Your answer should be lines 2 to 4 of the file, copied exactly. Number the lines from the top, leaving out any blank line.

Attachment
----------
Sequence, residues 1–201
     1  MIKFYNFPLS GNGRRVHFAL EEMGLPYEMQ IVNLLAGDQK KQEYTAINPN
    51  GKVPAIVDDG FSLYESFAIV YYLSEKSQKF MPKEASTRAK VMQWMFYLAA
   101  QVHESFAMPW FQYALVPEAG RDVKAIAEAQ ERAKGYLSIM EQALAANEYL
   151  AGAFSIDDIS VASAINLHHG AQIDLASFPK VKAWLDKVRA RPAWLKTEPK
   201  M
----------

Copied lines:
     1  MIKFYNFPLS GNGRRVHFAL EEMGLPYEMQ IVNLLAGDQK KQEYTAINPN
    51  GKVPAIVDDG FSLYESFAIV YYLSEKSQKF MPKEASTRAK VMQWMFYLAA
   101  QVHESFAMPW FQYALVPEAG RDVKAIAEAQ ERAKGYLSIM EQALAANEYL